Thursday, April 26, 2012

Ghost stories (Sunday Reflections for April 22, 2012)

36b Jesus said, "Peace be with you."  37They were startled and terrified, and thought that they were seeing a ghost.  38He said to them, "Why are you frightened, and why do doubts arise in your hearts?  39Look at my hands and my feet; see that it is I myself. Touch me and see; for a ghost does not have flesh and bones as you see that I have."  40And when he had said this, he showed them his hands and his feet.  41While in their joy they were disbelieving and still wondering, he said to them, "Have you anything here to eat?"  42They gave him a piece of broiled fish, 43and he took it and ate in their presence.

The Reflections columns the past few weeks have dealt with the problem of reading the gospels’ Holy Week and Easter stories as historical events. This excerpt from today’s Gospel reading is yet another dimension of that problem: the risen Jesus as a resuscitated corpse.

The earliest New Testament writings are by Paul and, as I wrote earlier, his understanding of the “Easter experience” is that that the resurrected Jesus “appeared” to his disciples at various times, and ultimately to Paul himself. The use of the word “appear” here and elsewhere is the experience of a vision or a dream. For ancients, such experiences were very real but were also considered to be different than normal everyday living.

In Mark, the earliest gospel, there is no Easter appearance of Jesus. Instead, the women at the tomb are met by a “man dressed in white” who tells them Jesus has been raised, and that he can be seen by the disciples if they go back to Galilee. The women run from the tomb in fright.

In the Easter stories of Matthew, Luke, and John, Jesus does appear in tangible form. These later gospels were written at least 50-70 years after the events they are recounting. We are all familiar with the notion that a story grows in its telling and that seems to be the case with the gospels. But rather than thinking of this as exaggeration or even lying, it’s more helpful to see each of them trying to address questions and problems in their various church communities.

In our story today from Luke, the resurrected Jesus has skin and bones which he invites the disciples to touch and feel. He even eats a snack. Taken literally this story raises almost comical problems and impossibilities. From a modern perspective it is absurd.

But Luke is not a modern person and is not writing for a modern audience. Luke tells us his concern: the risen Jesus was not a ghost. The appearance of ghosts, the spirits of dead people, was a commonly accepted phenomenon in the ancient world. Apparently this is how some were interpreting, and probably dismissing, the stories of Jesus’ resurrection appearances. Jesus was seen after he died? No big deal; people see ghosts all the time.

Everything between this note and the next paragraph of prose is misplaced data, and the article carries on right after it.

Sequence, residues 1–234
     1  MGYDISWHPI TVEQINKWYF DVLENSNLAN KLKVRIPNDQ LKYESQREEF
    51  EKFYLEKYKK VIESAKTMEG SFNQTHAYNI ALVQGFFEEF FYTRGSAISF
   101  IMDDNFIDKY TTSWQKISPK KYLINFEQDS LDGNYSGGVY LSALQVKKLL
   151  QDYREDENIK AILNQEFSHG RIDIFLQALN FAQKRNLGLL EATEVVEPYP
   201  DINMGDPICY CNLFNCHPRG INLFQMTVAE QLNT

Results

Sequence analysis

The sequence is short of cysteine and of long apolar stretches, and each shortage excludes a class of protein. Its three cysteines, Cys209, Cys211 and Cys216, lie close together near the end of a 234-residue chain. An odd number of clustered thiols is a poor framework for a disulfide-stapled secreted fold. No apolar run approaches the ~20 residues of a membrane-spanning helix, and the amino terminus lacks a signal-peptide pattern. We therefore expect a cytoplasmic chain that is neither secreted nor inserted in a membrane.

Luke feels the need to refute this interpretation and does so in the only way he can, by making the risen Jesus a physical reality. He was not just a ghost; he has been raised. For modern people, however, and I suspect even some people in his own day, Luke only digs the hole deeper. Now that Jesus has a body, what will happen to it? Where is it now? Our minds spin with new questions and problems.

Unless, of course, we understand this text for what it actually was: a story, very likely created by Luke himself. The problem for us is that we separate fact and fiction into hard categories without overlap: fact=true and fiction=untrue. In practice, however, the division has never been so clean, even today. 

Before modern times, history was almost always told through what we would now call “historical fiction.” Detailed factual history was simply impossible to write because the information was unavailable. The interest in telling about people or events of the past was how they could help living in the present. From the courtroom and the laboratory we have developed a laudable appreciation for demonstrable facts and data. Our modern world would be impossible without them. We make a mistake, however, in assuming ancients had those same standards or judging them by them. 

In today’s gospel, Luke is interpreting one story (the empty tomb) by telling another story (of a resuscitated corpse). What’s essential for us to appreciate them is realizing they are both stories. It is entirely possible that Mark created the first account of an empty tomb. Paul never mentions it and it’s hard to imagine that he wouldn’t have known it if it existed, and that he wouldn’t have talked about it if he did know it. 

Having told the story of Jesus’ life and death, Mark wanted to conclude his gospel in a way that pointed to the future. The women, representing Jesus’ followers, are turned away from adoration of Jesus’ corpse and told instead to go to Galilee, which for Mark is the center of the new church’s life. “There you will see him.”

In the ancient world, stories took on a reality all their own. The gospel writers that followed Mark each interpreted his work in their own unique way. One result is that their subsequent Easter accounts differ significantly from each other in nearly all their details. This is a problem if we imagine them as accounts of historical events. It’s not a problem with we understand them as theological stories built on the foundation of earlier stories, guiding and inspiring faith.

So today we can hear a story of the risen Jesus eating a piece of fish, or cooking fish on the beach as in John, and smile. I suspect at least some ancient people did as well. The essential message of all these stories is that the Spirit of the crucified Jesus yet lives. The question is whether we have our own stories to tell of that Spirit alive today in our world, and in our lives.

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